UT University Health Services

Cuts and Scrapes

The skin is our main contact with our environment, so it's frequently subject to injuries including minor cuts and scrapes. Serious trauma to the skin can result in damage to nerves, blood vessels, tendons, bones and organs and may require immediate medical attention. This advice pertains only to injuries that can be managed safely with self-care.

Signs and Symptoms

Symptoms vary depending upon the nature, location, and severity of the injury. Minor cuts and scrapes usually heal within two weeks.

Self-Care

  • Clean wound thoroughly with mild soap and lots of water, especially for ground-in dirt. As it heals, wash with soap and water at lease twice daily - more often if necessary.
  • Over-the-counter (OTC) antiseptic wash or antibacterial soap is acceptable for cleaning the skin around the wound.
  • Apply an OTC antibacterial ointment to the wound once or twice per day. Follow the instructions on the package.
  • Keep your wound covered with clean gauze or an adhesive bandage during waking hours. You can leave it uncovered while you sleep if it isn't oozing or painful.
  • Don't soak your wound for long periods when bathing. Don't go swimming until it's healed. Brief contact with water from the shower is okay.
  • Apply a fresh bandage when it gets wet and after you shower or bathe.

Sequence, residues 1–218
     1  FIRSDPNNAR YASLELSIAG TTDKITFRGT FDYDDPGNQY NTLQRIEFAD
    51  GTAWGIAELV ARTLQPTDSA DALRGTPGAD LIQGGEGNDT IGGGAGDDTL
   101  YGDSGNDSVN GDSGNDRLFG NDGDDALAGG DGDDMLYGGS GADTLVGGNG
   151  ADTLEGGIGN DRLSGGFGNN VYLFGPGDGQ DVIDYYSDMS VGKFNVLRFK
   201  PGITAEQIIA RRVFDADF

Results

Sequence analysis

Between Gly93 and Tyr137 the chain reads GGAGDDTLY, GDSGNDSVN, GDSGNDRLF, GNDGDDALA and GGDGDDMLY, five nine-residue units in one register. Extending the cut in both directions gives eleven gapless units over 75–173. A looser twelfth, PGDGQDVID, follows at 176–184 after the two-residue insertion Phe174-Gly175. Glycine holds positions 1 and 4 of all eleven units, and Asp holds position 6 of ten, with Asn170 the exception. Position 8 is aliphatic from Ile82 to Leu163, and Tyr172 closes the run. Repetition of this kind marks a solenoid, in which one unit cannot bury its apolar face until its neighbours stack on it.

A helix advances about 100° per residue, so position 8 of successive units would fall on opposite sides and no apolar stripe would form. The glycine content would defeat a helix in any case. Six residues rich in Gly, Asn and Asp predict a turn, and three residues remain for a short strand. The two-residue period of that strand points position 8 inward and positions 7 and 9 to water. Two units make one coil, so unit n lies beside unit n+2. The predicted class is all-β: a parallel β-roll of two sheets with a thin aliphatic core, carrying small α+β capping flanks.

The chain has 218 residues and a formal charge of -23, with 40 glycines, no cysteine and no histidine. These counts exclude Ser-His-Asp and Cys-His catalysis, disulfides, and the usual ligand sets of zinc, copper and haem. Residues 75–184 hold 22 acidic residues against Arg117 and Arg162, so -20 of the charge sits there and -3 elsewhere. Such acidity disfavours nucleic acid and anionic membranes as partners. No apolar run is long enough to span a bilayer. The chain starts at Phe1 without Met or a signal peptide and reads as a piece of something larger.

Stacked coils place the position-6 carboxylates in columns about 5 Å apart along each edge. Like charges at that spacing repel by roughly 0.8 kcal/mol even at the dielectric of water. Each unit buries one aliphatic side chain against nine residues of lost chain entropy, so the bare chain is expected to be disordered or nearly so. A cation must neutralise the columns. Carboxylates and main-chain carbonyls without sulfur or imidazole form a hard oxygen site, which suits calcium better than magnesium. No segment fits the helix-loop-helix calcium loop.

Red Flags

CALL THE UHS NURSE ADVICE LINE at (512) 475-6877 (NURS) IF YOU EXPERIENCE ANY OF THE FOLLOWING:

  • A wound that penetrates beneath the visible surface of the skin (especially if it has been contaminated with dirt, rust, etc.), and you haven't had a tetanus shot in the last five years or don't remember when you got your last one
  • A gaping wound where the edges of your skin don't touch (or almost touch) at the wound site or where underlying fat, tendons, bones, etc. are visible
  • Numbness at the wound site or numbness in another part of your body (like a cut near your elbow that results in numbness in your forearm or fingers)
  • Bleeding that can't be stopped with direct pressure on the wound
  • Any wound that spurts blood
  • Weakness or loss of function in the area of the wound (like inability to extend your fingers after a cut on your hand or wrist)
  • A wound on your face or other area where optimal healing is desired for cosmetic reasons
  • Signs of infection such as a fever of 100.5 degrees F (38 degrees C) or higher; drainage; increased redness, swelling, or pain; or red streaks extending from the wound
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